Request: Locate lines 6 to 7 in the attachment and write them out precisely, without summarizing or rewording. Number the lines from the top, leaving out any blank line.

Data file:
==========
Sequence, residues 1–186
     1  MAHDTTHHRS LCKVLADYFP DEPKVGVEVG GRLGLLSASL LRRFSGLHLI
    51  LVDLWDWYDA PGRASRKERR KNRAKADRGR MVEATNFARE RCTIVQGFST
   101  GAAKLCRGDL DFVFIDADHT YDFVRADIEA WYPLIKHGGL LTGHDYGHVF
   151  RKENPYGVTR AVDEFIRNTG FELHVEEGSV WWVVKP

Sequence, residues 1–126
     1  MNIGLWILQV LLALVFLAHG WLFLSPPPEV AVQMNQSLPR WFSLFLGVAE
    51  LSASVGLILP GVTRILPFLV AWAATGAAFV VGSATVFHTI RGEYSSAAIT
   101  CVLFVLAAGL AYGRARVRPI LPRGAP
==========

Sequence, residues 1–126
     1  MNIGLWILQV LLALVFLAHG WLFLSPPPEV AVQMNQSLPR WFSLFLGVAE